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In a collision between two spheres $A$ and $B$, their velocities are symmetric ($v$ and $-v$, respectively) in the center-of-mass frame of reference. The final speed of $A$ does a $45°$ angle with its initial velocity.

Determine the final speed of the spheres if the collision is elastic, in the frame of reference where the sphere B is initially at rest.

How do I solve this? I am not used to solve these problems with the center-of-mass frame of reference.

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The centre of mass frame information is there to give you some information about the relative masses of the two spheres and the initial speed of sphere $A$ in terms of speed $v$.
The rest of the problem can then be done in the reference frame of sphere $B$ which you would have done many times before.

If you decide correctly about the relative masses the problem can be solved fairly easily by writing the conservation of kinetic energy equation from which the shape of the momentum vector addition triangle can be inferred.

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Finish the calculation in the CoM frame of reference. That is the frame in which the problem is set.

Then transform from the CoM frame to the frame of reference in which B is initially at rest by adding the reverse of the initial velocity vector of B (ie $-\vec{u_B}=+\vec{v}$) to each of the final velocities in the CoM frame.

The wording of the question does not make clear whether the collision is elastic in the CoM frame or in the frame in which B is initially at rest. Does this matter? No. The amount of KE each sphere has depends on which frame you are measuring it in, but the fact that total (kinetic) energy is conserved in the collision does not depend on which frame of reference you are using. If the collision is elastic in the CoM frame, it is elastic in the rest frame of B also.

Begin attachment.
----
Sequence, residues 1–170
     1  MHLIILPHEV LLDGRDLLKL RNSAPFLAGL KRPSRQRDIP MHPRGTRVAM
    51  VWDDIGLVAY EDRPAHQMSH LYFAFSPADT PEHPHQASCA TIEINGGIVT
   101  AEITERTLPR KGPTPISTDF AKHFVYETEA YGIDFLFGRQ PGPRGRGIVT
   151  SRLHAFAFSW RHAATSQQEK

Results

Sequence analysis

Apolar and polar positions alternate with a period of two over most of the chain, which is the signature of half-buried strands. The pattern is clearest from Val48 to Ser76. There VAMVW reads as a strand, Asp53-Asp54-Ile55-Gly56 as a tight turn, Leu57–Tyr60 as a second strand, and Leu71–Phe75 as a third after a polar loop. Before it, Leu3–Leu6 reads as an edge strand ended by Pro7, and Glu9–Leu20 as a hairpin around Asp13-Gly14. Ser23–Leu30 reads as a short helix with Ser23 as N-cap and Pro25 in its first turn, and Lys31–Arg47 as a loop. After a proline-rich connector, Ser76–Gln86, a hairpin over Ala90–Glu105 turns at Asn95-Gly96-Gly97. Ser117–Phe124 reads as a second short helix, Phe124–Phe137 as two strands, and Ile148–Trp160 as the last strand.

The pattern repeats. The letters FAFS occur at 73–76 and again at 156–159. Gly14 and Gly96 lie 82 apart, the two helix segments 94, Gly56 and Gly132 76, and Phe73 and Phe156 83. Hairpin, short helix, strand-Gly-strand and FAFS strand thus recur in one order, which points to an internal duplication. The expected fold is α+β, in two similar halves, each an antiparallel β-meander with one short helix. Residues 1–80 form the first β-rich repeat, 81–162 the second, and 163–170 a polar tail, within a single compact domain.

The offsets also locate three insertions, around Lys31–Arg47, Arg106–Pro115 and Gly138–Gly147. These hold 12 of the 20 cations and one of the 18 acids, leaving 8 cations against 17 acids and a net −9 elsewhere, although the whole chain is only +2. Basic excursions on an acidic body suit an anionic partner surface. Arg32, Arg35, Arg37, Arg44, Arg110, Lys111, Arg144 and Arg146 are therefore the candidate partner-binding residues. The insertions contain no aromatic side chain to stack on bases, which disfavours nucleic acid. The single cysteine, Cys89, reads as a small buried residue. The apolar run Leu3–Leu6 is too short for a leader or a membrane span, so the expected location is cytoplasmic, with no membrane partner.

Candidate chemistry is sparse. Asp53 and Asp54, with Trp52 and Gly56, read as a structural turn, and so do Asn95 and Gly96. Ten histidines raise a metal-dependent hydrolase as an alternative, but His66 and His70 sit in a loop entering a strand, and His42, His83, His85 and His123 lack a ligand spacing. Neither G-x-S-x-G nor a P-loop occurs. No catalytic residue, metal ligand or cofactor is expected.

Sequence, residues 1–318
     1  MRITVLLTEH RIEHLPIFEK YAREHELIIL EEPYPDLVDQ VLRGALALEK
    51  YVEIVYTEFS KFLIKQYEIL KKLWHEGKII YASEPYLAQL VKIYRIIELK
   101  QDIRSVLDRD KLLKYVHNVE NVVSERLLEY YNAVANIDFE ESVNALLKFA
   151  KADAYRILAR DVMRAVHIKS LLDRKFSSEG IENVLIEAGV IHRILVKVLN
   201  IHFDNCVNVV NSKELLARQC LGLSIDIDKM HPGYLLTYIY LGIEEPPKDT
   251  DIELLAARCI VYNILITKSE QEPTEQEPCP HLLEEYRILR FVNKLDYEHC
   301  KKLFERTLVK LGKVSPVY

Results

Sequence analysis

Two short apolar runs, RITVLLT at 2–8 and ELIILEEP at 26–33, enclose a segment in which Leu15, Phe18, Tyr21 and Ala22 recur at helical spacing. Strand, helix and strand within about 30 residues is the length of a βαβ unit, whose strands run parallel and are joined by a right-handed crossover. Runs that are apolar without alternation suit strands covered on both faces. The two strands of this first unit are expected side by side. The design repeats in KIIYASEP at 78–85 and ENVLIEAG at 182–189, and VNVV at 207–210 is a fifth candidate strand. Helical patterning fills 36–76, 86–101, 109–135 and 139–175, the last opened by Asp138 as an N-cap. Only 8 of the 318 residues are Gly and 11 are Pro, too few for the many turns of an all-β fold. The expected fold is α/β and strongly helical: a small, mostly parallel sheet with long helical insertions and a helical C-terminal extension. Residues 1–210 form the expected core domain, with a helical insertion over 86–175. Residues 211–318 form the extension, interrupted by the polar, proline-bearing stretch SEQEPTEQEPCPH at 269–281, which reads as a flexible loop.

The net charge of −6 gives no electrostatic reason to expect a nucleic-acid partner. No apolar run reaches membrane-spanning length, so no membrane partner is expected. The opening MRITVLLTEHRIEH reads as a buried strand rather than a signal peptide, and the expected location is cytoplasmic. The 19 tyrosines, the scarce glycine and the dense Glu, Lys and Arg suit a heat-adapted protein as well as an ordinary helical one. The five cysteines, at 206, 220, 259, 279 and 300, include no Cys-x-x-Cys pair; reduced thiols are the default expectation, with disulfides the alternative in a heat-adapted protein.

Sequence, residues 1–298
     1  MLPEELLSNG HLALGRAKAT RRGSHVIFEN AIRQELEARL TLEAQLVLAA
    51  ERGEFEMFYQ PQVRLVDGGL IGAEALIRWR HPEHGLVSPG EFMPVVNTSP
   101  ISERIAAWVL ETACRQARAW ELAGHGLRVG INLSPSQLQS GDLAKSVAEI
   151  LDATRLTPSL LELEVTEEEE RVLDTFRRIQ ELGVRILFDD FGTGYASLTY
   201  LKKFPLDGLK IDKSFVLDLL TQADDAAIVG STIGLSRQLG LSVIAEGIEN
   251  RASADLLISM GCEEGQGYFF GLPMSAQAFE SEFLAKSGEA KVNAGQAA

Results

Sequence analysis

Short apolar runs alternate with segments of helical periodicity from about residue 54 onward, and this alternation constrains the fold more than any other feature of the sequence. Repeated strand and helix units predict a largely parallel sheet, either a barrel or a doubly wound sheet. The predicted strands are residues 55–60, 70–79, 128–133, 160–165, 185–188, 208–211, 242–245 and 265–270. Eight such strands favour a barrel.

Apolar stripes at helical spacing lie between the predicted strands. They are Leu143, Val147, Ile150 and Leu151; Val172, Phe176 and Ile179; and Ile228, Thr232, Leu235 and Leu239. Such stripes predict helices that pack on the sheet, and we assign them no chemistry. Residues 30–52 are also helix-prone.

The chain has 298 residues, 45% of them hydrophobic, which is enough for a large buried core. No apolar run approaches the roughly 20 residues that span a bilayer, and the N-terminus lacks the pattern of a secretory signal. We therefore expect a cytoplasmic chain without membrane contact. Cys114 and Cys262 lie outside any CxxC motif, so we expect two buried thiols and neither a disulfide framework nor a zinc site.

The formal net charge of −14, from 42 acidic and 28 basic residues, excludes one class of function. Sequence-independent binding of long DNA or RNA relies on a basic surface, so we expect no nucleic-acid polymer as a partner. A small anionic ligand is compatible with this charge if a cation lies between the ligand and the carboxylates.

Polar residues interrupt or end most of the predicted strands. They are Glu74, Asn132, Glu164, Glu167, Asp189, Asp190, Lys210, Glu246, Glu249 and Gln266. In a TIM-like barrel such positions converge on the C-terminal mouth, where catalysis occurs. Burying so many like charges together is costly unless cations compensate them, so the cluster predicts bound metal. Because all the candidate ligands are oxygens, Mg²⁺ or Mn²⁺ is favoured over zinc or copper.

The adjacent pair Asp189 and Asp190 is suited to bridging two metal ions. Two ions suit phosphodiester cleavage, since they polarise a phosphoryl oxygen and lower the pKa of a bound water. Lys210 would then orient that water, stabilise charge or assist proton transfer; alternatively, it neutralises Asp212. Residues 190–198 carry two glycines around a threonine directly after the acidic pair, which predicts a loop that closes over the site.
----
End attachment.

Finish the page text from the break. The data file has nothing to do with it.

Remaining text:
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  • $\begingroup$ Why do we transform in the COM frame tho.....is it because of it being momentum conserved frame and elastic collision is known to have its momentum conserved so why do we have to change back then $\endgroup$ – user195235 Aug 15 '18 at 11:25
  • $\begingroup$ @user195235 The COM frame is specified in the question, so we have to use it to solve the problem. And we have to change to another frame because that is what the question asks for. However, generally there is no requirement to use one frame or another if the question does not require it. You can use whatever frame you find convenient. The COM frame sometimes makes the problem easier. In other cases the solution might be obvious or more intuitive in a non-inertial frame of reference. $\endgroup$ – sammy gerbil Aug 19 '18 at 17:35

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